Enlarged Positive from Neg

Discussion in 'B&W: Film, Paper, Chemistry' started by waynecrider, Oct 30, 2005.

  1. waynecrider

    waynecrider Member

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    Is it possible to get a "normal" contrast positive on film by enlarger exposure, without going thru the reversal process of the neg. The last I tried I used 8x10 Ortho film and the result was very low contrast. I just want good large positives.
     
  2. Donald Miller

    Donald Miller Member

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    Yes, it is possible to enlarge and produce an interpositive from a negative. I have used Aristo APHS for most of my efforts. Dektol 1-10 seems to get reasonable density ranges.

    You will need to come up with exposure times and a development regimen for your own equipment.
     
  3. smieglitz

    smieglitz Subscriber

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    Wayne,

    You don't mention the type of Ortho film you've used. I suggest you try Ilford Ortho Plus and develop it in either Ilford Universal for moderately high contrast or HC110 for moderate contrast.

    Were you using a litho film before? As Donald suggests, you could get acceptable results with that kind of film. The base fog would be much less than with the Ilford Ortho Plus, but the tonalities otherwise better with the latter film.

    Joe
     
  4. waynecrider

    waynecrider Member

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    I tried Bergger BPFB-18, the only large film I have.

    What about just using standard large film, something with a clear base?
     
  5. Aggie

    Aggie Member

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    What are you going to do with the positive? If it is to take it on to go further and make an enlarged negative from the positive, you will want the flat looking positive. To get more contrast, work with stronger developing solutions like you would for normal negatives. Also agitate more while developing.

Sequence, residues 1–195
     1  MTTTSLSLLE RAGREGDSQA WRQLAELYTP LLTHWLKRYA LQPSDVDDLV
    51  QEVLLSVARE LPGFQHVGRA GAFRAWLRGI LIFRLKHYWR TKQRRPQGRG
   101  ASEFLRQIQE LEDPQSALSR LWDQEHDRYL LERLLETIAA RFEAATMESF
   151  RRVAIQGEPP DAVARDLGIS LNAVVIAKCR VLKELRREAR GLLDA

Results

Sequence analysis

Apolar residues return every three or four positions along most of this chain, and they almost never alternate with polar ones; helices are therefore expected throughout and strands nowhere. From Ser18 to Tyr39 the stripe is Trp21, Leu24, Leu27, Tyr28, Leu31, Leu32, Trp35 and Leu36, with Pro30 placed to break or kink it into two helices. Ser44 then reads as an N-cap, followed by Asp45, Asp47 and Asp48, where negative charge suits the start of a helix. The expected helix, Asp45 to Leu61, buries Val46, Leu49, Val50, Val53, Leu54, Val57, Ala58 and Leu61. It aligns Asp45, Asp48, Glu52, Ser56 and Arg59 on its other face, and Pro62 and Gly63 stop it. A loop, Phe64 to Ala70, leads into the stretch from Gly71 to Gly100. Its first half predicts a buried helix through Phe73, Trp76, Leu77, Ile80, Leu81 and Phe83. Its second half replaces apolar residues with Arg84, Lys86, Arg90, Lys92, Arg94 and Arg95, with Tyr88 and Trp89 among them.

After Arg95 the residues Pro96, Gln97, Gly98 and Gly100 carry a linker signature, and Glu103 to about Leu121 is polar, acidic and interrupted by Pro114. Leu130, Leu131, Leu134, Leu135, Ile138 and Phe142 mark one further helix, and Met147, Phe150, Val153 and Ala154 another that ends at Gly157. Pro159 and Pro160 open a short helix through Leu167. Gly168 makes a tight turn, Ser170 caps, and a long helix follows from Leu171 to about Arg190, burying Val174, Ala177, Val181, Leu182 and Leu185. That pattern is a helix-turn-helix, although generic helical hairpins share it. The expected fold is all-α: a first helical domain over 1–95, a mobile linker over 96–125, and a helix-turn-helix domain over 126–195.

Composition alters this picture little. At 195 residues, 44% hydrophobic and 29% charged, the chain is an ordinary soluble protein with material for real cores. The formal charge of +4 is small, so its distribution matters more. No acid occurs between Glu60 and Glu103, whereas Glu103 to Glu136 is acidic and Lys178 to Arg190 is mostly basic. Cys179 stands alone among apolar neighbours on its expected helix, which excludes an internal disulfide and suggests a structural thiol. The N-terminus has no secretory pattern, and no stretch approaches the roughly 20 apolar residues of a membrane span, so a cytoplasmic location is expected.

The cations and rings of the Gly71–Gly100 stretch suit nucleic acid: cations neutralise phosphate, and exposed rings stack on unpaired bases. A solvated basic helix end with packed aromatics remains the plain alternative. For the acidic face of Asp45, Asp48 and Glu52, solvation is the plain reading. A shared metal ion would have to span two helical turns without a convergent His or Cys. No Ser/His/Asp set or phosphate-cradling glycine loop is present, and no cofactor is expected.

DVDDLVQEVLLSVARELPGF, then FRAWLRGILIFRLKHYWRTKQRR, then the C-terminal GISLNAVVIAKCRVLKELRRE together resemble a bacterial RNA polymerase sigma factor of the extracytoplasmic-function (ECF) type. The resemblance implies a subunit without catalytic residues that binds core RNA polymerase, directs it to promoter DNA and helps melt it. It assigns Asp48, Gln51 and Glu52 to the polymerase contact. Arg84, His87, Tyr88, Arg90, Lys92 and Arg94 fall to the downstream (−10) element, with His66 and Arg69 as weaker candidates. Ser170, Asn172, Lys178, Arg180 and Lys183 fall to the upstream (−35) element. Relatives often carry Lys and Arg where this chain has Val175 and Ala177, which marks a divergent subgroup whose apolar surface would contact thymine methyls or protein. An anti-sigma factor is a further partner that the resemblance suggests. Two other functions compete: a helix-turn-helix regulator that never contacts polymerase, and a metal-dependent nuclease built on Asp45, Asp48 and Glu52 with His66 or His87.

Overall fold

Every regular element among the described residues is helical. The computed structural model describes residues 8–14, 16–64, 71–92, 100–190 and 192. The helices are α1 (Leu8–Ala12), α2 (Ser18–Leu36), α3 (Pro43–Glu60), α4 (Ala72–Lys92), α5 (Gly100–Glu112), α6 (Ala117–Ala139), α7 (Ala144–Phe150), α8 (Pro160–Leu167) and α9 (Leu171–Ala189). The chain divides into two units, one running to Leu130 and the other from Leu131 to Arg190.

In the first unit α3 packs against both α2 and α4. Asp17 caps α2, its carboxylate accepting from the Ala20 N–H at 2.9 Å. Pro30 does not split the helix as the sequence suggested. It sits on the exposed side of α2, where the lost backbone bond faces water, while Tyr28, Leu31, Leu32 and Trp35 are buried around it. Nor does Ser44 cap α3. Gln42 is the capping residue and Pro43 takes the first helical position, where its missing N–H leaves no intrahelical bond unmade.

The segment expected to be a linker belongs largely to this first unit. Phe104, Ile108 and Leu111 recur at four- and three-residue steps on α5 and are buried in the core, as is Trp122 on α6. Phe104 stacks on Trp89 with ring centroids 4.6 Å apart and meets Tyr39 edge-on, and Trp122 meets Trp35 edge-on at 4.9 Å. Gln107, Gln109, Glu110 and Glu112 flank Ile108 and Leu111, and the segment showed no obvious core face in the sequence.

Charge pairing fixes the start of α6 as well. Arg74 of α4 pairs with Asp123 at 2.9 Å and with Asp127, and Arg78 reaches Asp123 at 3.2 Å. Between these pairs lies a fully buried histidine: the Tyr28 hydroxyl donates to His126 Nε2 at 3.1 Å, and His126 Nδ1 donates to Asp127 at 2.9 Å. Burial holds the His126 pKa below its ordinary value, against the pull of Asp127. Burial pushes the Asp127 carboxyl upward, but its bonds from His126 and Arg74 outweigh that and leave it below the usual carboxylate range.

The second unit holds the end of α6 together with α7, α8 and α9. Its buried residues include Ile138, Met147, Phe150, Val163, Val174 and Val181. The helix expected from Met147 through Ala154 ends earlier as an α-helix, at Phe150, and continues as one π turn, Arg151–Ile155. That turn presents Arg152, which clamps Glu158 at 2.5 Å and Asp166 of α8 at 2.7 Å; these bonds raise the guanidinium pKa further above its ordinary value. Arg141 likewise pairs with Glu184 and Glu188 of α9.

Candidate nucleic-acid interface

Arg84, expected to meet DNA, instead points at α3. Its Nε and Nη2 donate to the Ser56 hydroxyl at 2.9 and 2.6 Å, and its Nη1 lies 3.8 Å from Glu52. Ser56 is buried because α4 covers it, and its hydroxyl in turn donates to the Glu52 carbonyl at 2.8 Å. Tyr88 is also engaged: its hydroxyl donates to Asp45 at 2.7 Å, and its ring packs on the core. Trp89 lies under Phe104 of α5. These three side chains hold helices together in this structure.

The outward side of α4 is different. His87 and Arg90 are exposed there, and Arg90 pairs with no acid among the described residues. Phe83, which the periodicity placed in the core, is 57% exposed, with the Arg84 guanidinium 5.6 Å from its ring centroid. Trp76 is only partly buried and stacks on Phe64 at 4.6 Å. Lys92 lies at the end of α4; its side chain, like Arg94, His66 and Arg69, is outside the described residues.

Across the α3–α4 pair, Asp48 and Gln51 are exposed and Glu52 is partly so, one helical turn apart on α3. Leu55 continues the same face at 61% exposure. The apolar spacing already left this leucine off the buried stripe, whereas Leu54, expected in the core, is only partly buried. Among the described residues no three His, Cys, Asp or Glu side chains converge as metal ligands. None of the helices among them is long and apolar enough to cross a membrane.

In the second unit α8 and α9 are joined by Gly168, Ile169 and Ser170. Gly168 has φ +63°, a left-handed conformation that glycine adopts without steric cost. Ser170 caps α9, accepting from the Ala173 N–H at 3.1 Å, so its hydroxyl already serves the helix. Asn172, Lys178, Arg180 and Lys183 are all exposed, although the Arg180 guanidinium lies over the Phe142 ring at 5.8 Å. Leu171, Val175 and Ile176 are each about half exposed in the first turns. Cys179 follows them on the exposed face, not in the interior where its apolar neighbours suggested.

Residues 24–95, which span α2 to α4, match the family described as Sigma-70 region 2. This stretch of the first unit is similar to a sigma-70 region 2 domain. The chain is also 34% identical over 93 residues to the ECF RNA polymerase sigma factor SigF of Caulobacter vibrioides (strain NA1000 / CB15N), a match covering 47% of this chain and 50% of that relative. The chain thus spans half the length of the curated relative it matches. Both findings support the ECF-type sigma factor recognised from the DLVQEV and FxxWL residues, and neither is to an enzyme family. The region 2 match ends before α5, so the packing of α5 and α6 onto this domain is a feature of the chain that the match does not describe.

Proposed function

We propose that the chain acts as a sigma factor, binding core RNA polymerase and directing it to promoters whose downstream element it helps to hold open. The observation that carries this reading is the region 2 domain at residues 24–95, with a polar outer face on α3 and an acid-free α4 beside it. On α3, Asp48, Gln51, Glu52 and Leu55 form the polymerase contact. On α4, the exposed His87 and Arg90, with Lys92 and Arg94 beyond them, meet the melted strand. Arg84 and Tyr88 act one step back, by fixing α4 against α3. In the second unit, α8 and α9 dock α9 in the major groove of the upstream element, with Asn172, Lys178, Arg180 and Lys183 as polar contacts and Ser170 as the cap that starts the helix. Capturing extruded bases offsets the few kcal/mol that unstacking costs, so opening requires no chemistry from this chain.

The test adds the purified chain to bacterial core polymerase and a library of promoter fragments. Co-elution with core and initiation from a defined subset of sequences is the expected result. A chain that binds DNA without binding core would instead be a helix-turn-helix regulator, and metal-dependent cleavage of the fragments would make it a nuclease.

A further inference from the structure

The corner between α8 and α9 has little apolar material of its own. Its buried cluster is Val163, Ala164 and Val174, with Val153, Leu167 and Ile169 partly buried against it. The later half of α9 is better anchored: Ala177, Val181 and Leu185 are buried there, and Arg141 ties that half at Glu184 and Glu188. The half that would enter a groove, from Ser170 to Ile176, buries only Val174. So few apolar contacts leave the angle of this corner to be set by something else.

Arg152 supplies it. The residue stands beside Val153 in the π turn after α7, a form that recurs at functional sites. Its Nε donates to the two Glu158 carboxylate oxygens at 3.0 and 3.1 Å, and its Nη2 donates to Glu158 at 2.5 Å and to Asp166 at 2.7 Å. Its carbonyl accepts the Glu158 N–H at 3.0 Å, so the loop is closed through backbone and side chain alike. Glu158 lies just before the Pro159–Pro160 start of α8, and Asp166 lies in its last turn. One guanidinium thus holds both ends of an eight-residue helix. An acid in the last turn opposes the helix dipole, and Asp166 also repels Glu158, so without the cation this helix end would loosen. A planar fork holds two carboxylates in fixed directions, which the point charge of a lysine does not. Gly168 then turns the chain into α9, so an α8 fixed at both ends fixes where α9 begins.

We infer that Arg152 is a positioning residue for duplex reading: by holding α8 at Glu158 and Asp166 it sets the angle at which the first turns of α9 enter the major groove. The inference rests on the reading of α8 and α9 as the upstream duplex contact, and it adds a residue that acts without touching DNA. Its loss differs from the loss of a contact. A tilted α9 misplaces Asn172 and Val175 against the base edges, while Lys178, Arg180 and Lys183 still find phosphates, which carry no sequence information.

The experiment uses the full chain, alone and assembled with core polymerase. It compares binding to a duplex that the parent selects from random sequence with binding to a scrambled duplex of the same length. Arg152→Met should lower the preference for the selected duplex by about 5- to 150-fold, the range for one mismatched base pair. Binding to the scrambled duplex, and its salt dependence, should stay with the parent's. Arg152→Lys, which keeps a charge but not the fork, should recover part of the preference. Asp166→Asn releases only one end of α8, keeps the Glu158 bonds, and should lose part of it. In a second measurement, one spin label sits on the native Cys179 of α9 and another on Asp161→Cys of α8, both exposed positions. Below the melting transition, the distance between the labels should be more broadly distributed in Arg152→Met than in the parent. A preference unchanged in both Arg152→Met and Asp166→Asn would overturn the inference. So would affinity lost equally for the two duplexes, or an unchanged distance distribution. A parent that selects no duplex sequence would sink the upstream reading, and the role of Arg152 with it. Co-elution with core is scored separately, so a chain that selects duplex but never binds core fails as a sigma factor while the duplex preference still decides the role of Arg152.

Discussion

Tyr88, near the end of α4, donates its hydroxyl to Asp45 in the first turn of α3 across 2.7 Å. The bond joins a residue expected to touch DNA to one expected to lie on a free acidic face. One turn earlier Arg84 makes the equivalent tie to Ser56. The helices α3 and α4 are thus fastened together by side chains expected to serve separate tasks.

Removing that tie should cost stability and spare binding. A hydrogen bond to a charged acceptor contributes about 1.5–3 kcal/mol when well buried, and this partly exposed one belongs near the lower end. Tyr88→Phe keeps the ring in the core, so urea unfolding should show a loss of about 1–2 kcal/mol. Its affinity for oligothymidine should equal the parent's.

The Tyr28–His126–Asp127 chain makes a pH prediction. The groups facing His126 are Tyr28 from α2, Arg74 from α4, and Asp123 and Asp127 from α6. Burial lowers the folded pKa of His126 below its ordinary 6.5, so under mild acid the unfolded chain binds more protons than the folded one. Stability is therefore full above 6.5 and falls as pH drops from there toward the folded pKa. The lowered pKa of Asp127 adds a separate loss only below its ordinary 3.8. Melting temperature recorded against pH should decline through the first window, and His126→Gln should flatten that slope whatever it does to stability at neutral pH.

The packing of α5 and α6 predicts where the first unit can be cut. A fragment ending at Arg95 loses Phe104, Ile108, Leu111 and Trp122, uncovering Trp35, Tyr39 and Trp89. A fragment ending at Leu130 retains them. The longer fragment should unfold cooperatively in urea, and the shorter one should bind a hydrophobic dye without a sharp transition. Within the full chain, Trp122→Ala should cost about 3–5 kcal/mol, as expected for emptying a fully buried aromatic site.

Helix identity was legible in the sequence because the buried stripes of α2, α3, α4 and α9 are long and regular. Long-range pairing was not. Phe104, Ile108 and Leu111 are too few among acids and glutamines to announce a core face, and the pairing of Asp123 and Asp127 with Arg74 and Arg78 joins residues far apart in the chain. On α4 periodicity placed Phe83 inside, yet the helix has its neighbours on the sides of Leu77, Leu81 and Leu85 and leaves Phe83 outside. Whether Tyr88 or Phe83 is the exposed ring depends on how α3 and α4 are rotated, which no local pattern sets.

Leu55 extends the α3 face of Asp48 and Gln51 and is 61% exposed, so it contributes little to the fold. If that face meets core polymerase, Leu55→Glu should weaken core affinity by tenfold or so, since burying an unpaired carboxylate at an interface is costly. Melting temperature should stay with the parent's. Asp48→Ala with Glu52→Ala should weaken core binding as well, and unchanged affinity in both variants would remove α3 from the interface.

6. Donald Miller

    Donald Miller Member

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    The cost of conventional film is a lot more expensive then a film like APHS. The speed of conventional film is also faster then a film like APHS...this makes it more difficult to arrive at precise exposures.
     
  7. glennfromwy

    glennfromwy Member

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    I have some Fine Grain release Positive. I have always used it under a red safelight. Are you sure yours is not Orthochromatic? It does indeed make some pretty astounding B&W slides.
     
  8. waynecrider

    waynecrider Member

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    Aggie the end result I want is a larger positive.

    JDEF, from whe way I understand it, and as Aggie noted, it's the flat neg you want. As a projected neg the 5302 sounds interesting.
     
  9. Aggie

    Aggie Member

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    I do my interpositves and enlarged negs in steps. I've enlarged 35mm to 4x5 and then to 8x10. I don't see why you can't take a 120 neg and go up to a 8x10 if you wanted to get a larger positive. You needn't do contact interpositives. Just put the orginal neg in the enlarger and use the ortho film in an 8x10 film holder as your easel.
     
  10. SkipA

    SkipA Member

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    Not all ortho films are created equal. Kodak Kodalith ortho type 3 film is an extremely high contrast film. Great for silhouettes, but not much good if you are aiming for pictorial contrast.
     
  11. Aggie

    Aggie Member

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    I've used APHS ortho, Bergger ortho, ilford ortho, maco ortho, and lastly Kodak ortho. It is knowing how to deal with that type of film to get the contrast you want. I can get an extremely flat negative or a contrasty one with all of the above. It is all in the development and developer used. I also when I want a flat negative, will purposely fog the film. I also have watched and bought all the really old out of date kodak ortho film I could. I have some (500 sheets of 4x5) that is over 30 years old that is my favorite to use.
     
  12. SkipA

    SkipA Member

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    Aggie, what do you do to tame the contrast of Kodalith type 3, if I may ask?

    My technique has been to enlarge MF or 4x5 onto 8x10 Kodalith then develop to reversal via a dichromate bleach process. I then contact that onto normal sheet film (Bergger, usually), but I always end up with higher contrast than I want and a loss of middle grey tones.